Waiting for the Spark...
The great Yellowstone fire of 1988 awoke
the rangers to what "zero tolerance" had wrought. A small,
nondescript fire in June of that year, started by a
lightning bolt from a summer thunderstorm, inexplicably
grew to become a raging inferno. The destruction was
multiple orders of magnitude worse than anything ever seen
before. Prior to that year, the worst park fire on record
had consumed a mere 25,000 acres in 1886. This time, more
than 1.5 million acres burned.
The Forest Service has learned from the error of its ways,
and is now working feverishly to correct the problem.
Vigorous policies of deadwood culling, underbrush clearing
and 'controlled burns' are now under way. Yet the task is
akin to sweeping the Augean stables, and rangers admit
their efforts may prove too little, too late. The Forest
Service website offers this grim assessment:
"Today's forests, dense with green vegetation, may seem to
be beautiful, but in fact are deadly. Many forests are
choked with brush and dead trees that make catastrophic
fires a certainty."
What does this have to do with markets and finance, the
normal purview of this space? As it turns out, plenty.
There is another long-standing agency, established 1913,
that is dangerously addicted to "zero tolerance." It is
frighteningly easy to recast the rangers' warning in a
manner fit for the Federal Reserve:
Today's economy, flush with green liquidity, may seem to be
beautiful, but in fact is deadly. Many consumers / banks /
hedge funds are choked with leverage and debt burdens that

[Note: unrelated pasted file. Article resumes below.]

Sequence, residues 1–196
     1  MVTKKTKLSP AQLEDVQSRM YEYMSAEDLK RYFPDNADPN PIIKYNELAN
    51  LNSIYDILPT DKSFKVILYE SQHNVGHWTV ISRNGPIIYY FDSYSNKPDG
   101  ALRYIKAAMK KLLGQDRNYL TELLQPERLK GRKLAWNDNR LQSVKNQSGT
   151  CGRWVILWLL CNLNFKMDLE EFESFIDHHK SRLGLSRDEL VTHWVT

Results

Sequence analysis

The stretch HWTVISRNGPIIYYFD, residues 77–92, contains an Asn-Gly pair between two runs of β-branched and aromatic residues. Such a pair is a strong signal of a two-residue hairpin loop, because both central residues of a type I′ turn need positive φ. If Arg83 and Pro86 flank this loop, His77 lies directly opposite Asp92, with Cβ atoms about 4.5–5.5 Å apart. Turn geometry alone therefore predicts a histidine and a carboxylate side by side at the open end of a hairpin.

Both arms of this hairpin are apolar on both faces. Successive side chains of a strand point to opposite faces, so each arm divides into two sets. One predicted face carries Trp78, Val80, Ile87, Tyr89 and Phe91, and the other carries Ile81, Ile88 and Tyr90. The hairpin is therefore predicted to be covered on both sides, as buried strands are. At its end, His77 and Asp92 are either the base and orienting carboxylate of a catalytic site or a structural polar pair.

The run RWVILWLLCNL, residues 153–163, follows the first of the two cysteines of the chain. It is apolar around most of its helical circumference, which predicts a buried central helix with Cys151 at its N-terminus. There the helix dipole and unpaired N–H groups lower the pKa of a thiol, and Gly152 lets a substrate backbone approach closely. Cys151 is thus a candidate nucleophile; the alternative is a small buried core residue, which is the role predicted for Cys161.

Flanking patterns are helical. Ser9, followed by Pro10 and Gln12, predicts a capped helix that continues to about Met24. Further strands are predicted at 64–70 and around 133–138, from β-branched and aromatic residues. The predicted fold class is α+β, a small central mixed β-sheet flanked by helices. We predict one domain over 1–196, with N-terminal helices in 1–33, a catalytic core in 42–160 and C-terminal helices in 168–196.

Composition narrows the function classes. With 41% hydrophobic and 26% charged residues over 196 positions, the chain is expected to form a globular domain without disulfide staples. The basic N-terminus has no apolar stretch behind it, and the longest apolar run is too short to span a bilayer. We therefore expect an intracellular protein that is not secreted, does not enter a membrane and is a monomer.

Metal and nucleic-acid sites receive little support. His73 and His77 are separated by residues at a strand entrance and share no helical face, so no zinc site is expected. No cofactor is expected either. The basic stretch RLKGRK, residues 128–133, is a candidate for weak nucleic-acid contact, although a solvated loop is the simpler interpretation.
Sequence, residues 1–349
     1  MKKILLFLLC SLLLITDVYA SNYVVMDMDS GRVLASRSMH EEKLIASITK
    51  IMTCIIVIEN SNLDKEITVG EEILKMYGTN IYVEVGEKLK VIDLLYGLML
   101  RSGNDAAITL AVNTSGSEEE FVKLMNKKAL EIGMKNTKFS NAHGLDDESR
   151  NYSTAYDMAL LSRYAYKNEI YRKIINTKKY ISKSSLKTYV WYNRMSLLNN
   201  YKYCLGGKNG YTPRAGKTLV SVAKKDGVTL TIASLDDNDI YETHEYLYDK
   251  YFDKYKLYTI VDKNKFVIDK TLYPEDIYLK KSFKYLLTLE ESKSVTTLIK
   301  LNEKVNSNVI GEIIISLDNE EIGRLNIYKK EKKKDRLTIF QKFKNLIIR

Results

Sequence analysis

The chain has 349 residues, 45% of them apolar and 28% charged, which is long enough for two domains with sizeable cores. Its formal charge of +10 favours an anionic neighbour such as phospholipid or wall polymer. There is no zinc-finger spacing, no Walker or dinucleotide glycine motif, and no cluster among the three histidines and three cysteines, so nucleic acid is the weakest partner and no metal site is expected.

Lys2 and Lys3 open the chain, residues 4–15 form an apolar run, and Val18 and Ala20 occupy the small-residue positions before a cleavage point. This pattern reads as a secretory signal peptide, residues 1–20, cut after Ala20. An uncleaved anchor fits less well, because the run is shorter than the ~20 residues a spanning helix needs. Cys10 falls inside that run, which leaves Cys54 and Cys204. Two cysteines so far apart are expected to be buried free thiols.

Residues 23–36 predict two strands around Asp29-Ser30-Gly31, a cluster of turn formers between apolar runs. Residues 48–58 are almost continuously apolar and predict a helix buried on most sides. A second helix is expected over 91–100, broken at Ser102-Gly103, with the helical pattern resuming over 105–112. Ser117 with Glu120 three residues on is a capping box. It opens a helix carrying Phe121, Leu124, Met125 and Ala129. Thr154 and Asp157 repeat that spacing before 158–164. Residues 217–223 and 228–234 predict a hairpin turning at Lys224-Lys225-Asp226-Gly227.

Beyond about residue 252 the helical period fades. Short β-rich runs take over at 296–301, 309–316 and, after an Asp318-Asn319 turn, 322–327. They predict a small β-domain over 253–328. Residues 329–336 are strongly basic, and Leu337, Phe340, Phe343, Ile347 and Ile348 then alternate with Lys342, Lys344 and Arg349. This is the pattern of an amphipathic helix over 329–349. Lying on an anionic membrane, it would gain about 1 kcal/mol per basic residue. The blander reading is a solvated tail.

make catastrophic downturn a certainty.
As noted earlier, occasional low-intensity fires are Mother
Nature's cleansing agent—her way of maintaining a healthy
forest ecosystem. In an unmanipulated business cycle, the
same can be said of low-intensity recessions. A modest
downturn induces belt-tightening without stirring up panic.
Overextended consumers and businesses rein in their horns;
credit lines are reduced, optimism is scaled back, and
sobriety returns to the fore. A few businesses fail at the
margins, but the healthy enterprises survive. Risk is
reduced, capital is recycled, and new growth takes place.
Unfortunately, Greenspan has emulated the bad old ways of
the Forest Service prior to their Yellowstone awakening.
The Fed's zealous suppression of downturns over the years
has created a build-up of potentially catastrophic
proportions. Thanks to massive liquidity stimulus, business
operations that should have folded linger on. Credit lines
that should have been cut back are extended. Speculators
who should have tempered their bets are encouraged to
become more aggressive. Excessive reliance on easy credit
is mistaken for economic strength, and even bigger bets are
"If a nation values anything more than freedom, it will lose its freedom; and the irony of it is that, if it is comfort or money it values more, it will lose that too."
-- William Somerset Maughan, 1941